Remember that 7 is the best number of items to memorize! Anything over that will become muddled, so try to divide information into small groups close to that number when studying in one sitting. Interactive flashcards are great for vocabulary, people, places, events, dates, scientific formulas, etc.

Supplies Needed: white paper (cut into 1/4s and folded in half to make a tent), colored pencils, and pens

  1. On one side of the flashcard, write a word in large letters using a dark color
  2. Using pictures and acronyms, depict the definition of the word using different colors
  3. On back of the card, make a list of definitions using only one or two words
  4. Set up your tents on a tabletop and quiz yourself or a partner using either side of the cards

For example, to learn the parts of speech, color code each word to refer to a different part of speech:

  • Nouns = Yellow
  • Verb = Orange
  • Adjective = Blue
  • Adverb = Purple

Map it Out: Visualize the Information

Some children need a flow chart or a visual map to remember information. This is great for reading comprehension, science, or history. Students learn how to connect events or information and turn it into a picture. Divide a poster into quadrants and draw out data into a diagram. They can go back and look at the sign and call questions out while they use the visual. Once you think they have it, take the poster away and ask questions. They will remember the pictures. Be sure and use different colors in each quadrant of the poster.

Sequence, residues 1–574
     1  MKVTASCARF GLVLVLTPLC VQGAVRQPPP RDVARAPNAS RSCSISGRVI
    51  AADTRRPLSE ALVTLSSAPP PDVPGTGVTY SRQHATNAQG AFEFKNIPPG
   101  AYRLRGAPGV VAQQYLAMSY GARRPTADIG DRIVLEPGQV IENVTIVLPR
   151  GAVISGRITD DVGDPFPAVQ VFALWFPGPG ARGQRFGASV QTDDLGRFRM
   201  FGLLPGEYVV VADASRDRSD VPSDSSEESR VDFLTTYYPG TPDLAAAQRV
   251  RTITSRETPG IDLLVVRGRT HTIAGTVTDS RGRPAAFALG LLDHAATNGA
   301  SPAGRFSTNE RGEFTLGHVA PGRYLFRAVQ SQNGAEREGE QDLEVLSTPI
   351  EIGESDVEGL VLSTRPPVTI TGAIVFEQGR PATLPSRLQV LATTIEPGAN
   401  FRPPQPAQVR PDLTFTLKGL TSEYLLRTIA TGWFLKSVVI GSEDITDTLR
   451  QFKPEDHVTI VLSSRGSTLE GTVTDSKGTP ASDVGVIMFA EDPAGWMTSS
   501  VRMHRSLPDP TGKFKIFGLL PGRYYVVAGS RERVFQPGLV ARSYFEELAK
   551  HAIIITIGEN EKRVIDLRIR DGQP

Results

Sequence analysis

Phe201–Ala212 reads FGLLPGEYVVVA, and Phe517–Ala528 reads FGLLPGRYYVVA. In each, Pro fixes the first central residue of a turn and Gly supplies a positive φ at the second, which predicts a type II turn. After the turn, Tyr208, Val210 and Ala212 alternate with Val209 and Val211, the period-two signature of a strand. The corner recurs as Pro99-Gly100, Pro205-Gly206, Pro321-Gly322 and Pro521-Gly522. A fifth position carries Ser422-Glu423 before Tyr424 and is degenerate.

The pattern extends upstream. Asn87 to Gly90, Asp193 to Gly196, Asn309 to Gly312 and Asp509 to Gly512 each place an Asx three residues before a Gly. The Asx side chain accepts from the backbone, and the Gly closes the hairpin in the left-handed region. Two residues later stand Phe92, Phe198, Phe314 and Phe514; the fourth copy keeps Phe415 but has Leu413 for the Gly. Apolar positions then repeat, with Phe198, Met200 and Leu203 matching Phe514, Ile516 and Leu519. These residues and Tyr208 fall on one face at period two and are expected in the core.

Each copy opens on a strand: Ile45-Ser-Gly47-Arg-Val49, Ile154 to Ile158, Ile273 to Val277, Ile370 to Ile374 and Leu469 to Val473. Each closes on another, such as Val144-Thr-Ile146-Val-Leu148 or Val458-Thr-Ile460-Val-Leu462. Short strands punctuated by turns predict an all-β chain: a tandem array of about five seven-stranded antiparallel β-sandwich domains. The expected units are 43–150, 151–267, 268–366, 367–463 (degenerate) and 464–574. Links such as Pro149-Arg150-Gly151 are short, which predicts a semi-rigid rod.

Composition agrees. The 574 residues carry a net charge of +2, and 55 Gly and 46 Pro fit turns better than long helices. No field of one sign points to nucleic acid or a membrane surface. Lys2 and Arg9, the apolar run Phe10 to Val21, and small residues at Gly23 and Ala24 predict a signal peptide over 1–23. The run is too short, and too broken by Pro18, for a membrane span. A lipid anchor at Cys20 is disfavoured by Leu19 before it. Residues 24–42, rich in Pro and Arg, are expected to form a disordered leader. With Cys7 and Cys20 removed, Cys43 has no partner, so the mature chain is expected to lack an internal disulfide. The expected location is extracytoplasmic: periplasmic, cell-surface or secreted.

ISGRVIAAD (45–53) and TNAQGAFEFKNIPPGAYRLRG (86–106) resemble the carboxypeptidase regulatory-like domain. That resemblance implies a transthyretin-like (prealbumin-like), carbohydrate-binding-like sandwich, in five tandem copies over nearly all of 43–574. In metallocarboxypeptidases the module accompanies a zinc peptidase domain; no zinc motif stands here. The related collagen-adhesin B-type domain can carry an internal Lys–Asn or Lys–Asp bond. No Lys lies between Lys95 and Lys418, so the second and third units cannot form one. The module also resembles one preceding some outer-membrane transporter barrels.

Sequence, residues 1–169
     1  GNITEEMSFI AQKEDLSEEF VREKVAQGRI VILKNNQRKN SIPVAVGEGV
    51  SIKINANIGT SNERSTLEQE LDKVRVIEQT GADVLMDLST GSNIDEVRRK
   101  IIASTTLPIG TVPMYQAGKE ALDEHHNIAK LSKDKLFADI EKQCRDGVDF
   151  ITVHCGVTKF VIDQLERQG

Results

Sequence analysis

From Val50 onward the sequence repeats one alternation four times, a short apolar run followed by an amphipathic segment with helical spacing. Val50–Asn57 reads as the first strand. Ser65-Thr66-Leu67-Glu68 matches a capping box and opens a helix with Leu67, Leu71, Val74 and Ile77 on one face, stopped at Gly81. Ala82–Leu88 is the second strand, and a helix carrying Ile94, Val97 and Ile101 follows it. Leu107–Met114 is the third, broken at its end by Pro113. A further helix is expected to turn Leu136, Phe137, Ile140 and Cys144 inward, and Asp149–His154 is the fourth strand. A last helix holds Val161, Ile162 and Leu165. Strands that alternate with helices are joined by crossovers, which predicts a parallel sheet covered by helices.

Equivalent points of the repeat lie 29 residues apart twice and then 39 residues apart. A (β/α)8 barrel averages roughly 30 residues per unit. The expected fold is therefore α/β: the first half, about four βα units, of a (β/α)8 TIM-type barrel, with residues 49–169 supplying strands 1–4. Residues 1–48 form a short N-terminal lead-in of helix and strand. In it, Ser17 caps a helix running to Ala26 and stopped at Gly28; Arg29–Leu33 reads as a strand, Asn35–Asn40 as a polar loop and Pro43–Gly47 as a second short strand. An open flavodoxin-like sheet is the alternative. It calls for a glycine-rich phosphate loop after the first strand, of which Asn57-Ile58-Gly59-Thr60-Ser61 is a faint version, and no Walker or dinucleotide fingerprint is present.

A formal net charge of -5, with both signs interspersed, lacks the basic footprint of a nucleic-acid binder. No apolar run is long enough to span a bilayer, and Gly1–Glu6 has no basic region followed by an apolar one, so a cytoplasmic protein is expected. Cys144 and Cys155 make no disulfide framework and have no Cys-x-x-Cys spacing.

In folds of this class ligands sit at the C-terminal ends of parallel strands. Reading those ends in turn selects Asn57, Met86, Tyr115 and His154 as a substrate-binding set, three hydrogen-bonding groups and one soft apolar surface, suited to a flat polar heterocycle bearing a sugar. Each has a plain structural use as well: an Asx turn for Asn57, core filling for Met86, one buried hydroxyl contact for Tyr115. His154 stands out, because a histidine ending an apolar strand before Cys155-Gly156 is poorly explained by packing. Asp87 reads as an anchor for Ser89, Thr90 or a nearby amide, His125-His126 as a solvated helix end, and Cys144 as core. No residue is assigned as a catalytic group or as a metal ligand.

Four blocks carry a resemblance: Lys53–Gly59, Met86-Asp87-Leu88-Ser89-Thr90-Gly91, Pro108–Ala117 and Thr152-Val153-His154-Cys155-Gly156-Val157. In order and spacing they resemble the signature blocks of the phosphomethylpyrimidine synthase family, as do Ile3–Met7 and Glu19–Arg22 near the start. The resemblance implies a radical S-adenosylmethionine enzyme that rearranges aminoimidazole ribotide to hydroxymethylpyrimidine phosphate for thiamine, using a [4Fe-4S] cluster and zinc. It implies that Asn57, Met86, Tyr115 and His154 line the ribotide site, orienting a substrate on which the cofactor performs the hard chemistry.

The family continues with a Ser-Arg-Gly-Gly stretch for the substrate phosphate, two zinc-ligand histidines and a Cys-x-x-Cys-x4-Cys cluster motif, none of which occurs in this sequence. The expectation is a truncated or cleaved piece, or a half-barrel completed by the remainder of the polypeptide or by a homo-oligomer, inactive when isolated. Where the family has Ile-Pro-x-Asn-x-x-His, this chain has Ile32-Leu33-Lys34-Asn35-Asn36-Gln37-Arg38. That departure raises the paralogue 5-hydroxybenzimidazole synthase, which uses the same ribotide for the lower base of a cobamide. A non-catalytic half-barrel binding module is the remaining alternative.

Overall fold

Create & Take Practice Tests

Practice the way your child is going to be tested. Create or have your child create a practice test from notes. Have them answer it and share it with a friend. Break it down, so they only do one section at a time. Take tests over and over until it is in memory. REMEMBER: Just because you know it doesn’t mean they do!! Patience!

Study in Different Spaces

Study for each subject in a different room or part of a room. Your brain connects to space. For example, when studying for science, go to a place that has anchors on the wall. If your child is trying to remember a sequence – use a picture on the wall to visualize the sequence. Brains need placement.

If you are studying for several tests in a day, move around the room or space in the house to learn that particular subject. Doing all studying in one place does not maximize the brain’s retrieval. MOVE to a new spot for each subject. 

Take Breaks to Consolidate Information

After 20 minutes of sitting, blood pools in your seat and feet. Take a short break, and make sure you have plenty of snacks and water available. Walk around for a few minutes, or do anything that gets the oxygen going again!  

Go to bed on an empty stomach of visual input!! Do not allow your child to watch TV or play video games after studying. Studying should be the last thing they do before you sleep (other than saying prayers!). In the morning, help your children look at the information they studied again on the way to school. This will move the stored data back to the front of the brain for easy retrieval during the school day.  

Learn from your child’s test scores. If one method works, stick to it. If it doesn’t, try a new one. Try, try again until you find the method that works the fastest and helps your child learn the information. Remember this: You will never be held as accountable for being good at everything as you are when you are in high school. We all choose careers in our areas of strength. While your child is in school, they are developing the ability to learn – and that ability will be essential no matter what career they choose!